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The modulus relation

The basic relation in modular arithmetic is the modulus relation. In dependent type theory with a natural numbers type and function types, one could define the modulus relation on the natural numbers as a ternary inductive type family $m \equiv n \mod k$ indexed by natural numbers $m:\mathbb{N}$, $n:\mathbb{N}$, and $k:\mathbb{N}$, inductively defined by the following constructors:

• for each $k:\mathbb{N}$, a term
$\mathrm{indzero}(k):0 \equiv 0 \mod k$
• for each $k:\mathbb{N}$, $m:\mathbb{N}$ and $n:\mathbb{N}$, a function
$\mathrm{indsucc}(m, n, k):(m \equiv n \mod k) \to (s(m) \equiv s(n) \mod k)$
• for each $k:\mathbb{N}$, $m:\mathbb{N}$ and $n:\mathbb{N}$, a term
$\mathrm{indmodleft}(m, n, k):m \cdot k \equiv 0 \mod k$
• for each $k:\mathbb{N}$, $m:\mathbb{N}$ and $n:\mathbb{N}$, a term
$\mathrm{indmodright}(m, n, k):0 \equiv n \cdot k \mod k$

where $m \cdot n$ is multiplication of two natural numbers $m:\mathbb{N}$ and $n:\mathbb{N}$.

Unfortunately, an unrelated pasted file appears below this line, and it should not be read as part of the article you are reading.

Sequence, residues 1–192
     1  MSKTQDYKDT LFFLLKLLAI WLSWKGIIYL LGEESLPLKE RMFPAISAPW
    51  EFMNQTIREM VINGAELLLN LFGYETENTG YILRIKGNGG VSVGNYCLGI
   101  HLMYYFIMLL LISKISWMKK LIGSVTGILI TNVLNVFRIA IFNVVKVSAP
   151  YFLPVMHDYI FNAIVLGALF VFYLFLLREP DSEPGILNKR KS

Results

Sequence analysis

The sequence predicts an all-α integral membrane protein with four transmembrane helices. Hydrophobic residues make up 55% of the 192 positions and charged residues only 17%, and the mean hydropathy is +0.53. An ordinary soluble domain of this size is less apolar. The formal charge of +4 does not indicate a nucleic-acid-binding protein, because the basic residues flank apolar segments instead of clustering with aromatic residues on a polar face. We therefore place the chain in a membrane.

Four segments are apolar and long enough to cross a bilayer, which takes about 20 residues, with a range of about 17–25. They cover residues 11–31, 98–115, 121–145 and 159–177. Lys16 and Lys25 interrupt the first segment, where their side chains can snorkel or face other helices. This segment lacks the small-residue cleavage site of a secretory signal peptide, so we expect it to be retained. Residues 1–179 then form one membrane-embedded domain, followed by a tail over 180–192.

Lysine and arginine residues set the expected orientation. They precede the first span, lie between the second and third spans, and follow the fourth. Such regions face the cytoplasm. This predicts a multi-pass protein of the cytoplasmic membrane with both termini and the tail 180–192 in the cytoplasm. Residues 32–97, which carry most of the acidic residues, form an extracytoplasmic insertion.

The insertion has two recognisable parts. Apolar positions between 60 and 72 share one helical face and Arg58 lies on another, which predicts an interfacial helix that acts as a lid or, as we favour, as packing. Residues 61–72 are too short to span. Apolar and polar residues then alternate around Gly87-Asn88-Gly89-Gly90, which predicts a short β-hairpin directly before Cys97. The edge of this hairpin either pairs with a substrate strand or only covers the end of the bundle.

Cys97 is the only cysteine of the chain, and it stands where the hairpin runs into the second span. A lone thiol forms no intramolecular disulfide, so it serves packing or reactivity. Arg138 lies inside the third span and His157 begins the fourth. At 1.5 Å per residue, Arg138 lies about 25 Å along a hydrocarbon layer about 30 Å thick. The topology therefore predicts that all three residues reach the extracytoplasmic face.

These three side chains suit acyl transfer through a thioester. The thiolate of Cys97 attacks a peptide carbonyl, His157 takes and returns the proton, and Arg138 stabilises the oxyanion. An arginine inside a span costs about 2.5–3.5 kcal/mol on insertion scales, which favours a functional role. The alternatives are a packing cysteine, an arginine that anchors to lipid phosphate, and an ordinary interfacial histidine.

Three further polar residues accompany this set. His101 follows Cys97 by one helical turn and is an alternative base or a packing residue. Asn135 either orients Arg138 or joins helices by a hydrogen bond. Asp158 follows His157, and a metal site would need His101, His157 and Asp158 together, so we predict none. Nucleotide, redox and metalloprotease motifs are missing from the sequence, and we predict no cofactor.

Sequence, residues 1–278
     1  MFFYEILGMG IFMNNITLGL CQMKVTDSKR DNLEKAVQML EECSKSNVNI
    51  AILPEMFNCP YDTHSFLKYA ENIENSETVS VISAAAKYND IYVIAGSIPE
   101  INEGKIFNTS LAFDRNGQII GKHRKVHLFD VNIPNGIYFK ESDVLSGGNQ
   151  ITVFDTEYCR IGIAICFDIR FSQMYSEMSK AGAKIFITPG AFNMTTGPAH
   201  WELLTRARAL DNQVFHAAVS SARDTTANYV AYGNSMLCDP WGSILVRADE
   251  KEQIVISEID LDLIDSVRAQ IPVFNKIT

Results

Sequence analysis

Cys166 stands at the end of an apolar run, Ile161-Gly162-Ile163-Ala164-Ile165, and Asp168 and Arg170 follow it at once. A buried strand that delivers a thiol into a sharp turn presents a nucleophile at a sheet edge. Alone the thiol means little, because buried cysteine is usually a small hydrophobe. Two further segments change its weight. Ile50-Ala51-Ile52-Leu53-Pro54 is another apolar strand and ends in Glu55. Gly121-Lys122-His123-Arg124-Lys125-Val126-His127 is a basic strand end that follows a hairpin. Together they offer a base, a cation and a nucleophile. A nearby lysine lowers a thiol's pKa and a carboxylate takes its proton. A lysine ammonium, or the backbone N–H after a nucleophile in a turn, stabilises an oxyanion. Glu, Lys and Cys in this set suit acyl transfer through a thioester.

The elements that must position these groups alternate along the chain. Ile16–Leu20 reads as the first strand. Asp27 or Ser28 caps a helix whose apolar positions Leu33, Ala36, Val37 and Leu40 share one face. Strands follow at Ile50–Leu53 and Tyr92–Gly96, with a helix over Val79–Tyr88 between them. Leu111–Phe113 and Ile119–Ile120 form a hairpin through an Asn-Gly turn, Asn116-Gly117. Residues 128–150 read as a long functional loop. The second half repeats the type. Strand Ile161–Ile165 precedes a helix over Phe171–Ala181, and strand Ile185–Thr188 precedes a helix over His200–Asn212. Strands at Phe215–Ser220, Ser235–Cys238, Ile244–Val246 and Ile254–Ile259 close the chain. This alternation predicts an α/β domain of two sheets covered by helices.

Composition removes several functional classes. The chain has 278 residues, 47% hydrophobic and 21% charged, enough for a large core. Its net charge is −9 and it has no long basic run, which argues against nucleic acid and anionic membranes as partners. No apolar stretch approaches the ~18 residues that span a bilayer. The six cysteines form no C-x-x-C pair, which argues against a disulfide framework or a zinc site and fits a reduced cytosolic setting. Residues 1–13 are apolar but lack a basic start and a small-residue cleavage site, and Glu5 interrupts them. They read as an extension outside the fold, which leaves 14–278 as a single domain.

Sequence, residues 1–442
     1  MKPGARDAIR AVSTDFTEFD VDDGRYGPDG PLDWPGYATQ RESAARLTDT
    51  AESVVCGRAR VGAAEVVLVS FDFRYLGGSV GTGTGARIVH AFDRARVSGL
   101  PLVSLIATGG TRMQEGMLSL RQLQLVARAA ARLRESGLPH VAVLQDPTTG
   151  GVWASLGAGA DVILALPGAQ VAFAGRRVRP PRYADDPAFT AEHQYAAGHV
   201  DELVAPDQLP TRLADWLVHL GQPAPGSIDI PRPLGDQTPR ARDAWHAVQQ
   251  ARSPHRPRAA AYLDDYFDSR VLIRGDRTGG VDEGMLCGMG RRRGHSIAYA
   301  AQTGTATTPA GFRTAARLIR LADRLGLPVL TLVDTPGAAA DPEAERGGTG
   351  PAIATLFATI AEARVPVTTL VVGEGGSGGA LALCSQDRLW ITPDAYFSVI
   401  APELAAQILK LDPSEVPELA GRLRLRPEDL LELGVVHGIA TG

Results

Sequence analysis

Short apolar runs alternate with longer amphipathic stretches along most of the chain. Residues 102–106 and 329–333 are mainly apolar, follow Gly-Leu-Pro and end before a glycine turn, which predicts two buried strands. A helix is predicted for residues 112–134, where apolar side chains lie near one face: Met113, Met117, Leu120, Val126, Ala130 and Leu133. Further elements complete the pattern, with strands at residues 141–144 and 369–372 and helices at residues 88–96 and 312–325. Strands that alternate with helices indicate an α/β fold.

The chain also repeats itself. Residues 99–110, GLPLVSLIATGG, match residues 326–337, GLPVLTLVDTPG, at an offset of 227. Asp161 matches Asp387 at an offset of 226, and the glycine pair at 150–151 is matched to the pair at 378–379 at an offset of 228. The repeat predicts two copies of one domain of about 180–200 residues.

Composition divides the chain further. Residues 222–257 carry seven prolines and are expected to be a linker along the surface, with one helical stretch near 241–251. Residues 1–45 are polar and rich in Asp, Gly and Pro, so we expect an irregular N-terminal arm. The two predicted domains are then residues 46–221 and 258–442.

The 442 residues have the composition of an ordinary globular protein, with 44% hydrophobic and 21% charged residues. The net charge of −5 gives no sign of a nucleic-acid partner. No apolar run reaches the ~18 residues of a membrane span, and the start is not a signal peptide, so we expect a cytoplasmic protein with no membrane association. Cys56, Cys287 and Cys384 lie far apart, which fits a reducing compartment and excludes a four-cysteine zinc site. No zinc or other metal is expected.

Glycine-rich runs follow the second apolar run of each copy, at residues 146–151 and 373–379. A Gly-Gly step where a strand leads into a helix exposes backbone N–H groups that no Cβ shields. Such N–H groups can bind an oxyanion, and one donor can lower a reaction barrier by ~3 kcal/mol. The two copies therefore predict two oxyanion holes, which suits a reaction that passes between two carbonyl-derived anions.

For each nonzero natural number $k$, the type $(\mathbb{N}, m \equiv n \mod k)$ is equivalent to the finite type $\mathrm{Fin}(k)$ equipped with its canonical identity type. When $k$ is zero the type $(\mathbb{N}, m \equiv n \mod k)$ is equivalent to the type of natural numbers with its canonical identity type.

This implies that the modulus relation is valued in h-propositions and is a family of decidable equivalence relations indexed by $k$.

References

Last revised on October 11, 2022 at 22:52:33. See the history of this page for a list of all contributions to it.